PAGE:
Teen Dream is the perfect album to listen to over headphones after snuggling up under a 15 tog duvet at the headboard of a queen-sized oaken sleigh bed on the wood-paneled floor of a Tudor bedroom splotched by the full moon’s silhouette of listless January snowfall that settles like cobwebs in the bottom corners of the pellucid oriel window that spotlights your vulnerability for a cobblestone street flanked by the dimly gas-lit, lantern-topped street lights of an indifferent and slumbering world, where somewhere Jenny gives herself to a blissful slumber in the arms of your douchebag ex-best friend Johnny, or whatever melancholic thought might cross your restless mind. Johnny says to you, “Teen Dream isn’t limited to so specific a setting,” and you counter quietly, “Fuck you, backstabber. That’s not the point.” Teen Dream works anywhere, but Beach House has crafted an album so technically sound, wonderfully arranged, hypnotic, charming, and blissful that it creates an idiosyncratic situation that demands your utmost attention. Now excuse me while I slip back into the world Beach House constructed for me. – RW

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1. Deerhunter – Halcyon Digest

James and I rarely agree on anything, not so much because we have such different tastes or are so opinionated, probably not because we’re both paradoxically dismissive of and prone to hyperbole, and definitely nothing to do with ego. Regardless, our Skype sessions alone would constitute 17 of the 20 most flamboyant displays of unbridled bickering in the history of deliberative bodies. History in mind, I was taken aback when James pitched Deerhunter as we opened the floor for the album-of-the-year debate. Granted, I first assumed devil’s advocate to keep up appearances, but never had I cut the bullshit so quickly and consented, “Okay.”

Does this mean that Halcyon Digest is the undisputed champion of 2010? As far as we’re concerned, yes. But it’s tough to articulate why that is. Copouts aside, I feel that mystery accounts for its stranglehold of our top spot. On every level, Halcyon Digest tightly treads the line between warmth and aloofness. A dense wall-of-sound from “Memory Boy” swiftly succeeds the frail tears from Brandon Cox’s guitar on “Sailing.” All the while, Ben Allen’s production supplements this duality with placid, liquid shimmers and thick, aggressive percussion. Cox’s bipolar lyrics congeal the album, capturing the insecurity from the cyclical tragedy that too often befalls the inspired. The Renaissance Man’s range of influences are sometimes more a monkey on his back than a shot in the arm. But as an album that masterfully channels the musical spectrum from the Everly Brothers to Animal Collective, Halcyon Digest testifies that it’s a burden worth bearing. – RW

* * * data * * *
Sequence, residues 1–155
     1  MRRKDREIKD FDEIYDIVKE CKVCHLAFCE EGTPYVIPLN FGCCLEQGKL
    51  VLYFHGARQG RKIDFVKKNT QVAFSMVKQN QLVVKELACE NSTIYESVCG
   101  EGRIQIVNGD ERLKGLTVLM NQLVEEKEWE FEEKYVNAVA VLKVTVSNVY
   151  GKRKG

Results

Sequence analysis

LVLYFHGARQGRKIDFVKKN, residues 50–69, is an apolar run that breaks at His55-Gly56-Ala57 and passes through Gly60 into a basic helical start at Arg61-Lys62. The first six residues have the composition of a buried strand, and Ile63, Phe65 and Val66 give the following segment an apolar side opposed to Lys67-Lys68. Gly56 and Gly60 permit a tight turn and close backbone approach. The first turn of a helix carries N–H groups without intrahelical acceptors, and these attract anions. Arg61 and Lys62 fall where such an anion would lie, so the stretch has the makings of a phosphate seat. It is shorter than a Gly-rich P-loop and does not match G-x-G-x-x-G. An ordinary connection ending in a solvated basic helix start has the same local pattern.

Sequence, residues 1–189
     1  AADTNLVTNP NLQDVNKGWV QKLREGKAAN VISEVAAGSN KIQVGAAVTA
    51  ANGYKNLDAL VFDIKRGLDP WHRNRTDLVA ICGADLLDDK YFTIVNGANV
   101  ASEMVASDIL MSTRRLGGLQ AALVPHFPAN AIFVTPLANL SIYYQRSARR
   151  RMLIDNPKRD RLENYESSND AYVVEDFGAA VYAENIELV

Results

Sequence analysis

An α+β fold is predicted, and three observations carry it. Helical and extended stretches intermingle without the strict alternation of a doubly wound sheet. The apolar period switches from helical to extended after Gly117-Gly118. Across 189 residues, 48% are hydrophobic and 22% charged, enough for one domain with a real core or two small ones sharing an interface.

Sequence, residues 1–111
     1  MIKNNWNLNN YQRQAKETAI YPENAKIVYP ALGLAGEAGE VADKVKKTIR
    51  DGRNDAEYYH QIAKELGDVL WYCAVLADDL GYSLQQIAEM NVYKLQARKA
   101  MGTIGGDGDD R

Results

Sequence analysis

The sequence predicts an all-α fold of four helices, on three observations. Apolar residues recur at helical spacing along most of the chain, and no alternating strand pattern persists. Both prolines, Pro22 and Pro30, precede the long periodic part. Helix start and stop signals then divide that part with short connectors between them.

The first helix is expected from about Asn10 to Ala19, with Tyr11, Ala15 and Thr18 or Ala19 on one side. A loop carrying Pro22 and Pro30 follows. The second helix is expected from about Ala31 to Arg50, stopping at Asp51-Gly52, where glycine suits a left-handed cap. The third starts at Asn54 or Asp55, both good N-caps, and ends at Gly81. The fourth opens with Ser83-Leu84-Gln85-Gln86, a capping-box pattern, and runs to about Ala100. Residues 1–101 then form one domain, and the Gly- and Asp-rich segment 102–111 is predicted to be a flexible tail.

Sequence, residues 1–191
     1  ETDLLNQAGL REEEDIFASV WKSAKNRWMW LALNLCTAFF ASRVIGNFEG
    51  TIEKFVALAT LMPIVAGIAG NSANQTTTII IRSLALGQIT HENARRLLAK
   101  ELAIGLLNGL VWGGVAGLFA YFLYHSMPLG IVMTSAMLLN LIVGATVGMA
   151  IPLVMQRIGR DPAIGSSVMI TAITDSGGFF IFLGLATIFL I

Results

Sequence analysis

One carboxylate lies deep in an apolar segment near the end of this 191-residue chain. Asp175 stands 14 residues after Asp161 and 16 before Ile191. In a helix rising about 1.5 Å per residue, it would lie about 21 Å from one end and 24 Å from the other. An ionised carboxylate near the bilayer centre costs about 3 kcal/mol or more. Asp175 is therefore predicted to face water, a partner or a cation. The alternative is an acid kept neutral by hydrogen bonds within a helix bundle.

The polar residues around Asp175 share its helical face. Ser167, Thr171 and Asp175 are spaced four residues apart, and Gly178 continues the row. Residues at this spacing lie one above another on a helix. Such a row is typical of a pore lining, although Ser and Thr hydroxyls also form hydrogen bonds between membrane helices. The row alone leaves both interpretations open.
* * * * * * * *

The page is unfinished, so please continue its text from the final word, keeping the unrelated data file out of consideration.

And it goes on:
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DA: Just a little note for anyone using the “Breakfast” link to sample Pilot Talk I, that’s the original mixtape version without co-production by Ski Beatz. The album version takes the sample loop and asks a live band to replay it, as well as extending the trumpet/saxophone and bass playing across the whole verse rather than a simple 4 bar loop. Some people prefer the original version linked here, I personally prefer the remix by a whole lot. Both are great, though, and the lyrics don’t change.

Nodima added these pithy words on Jan 30 11 at 9:50 pm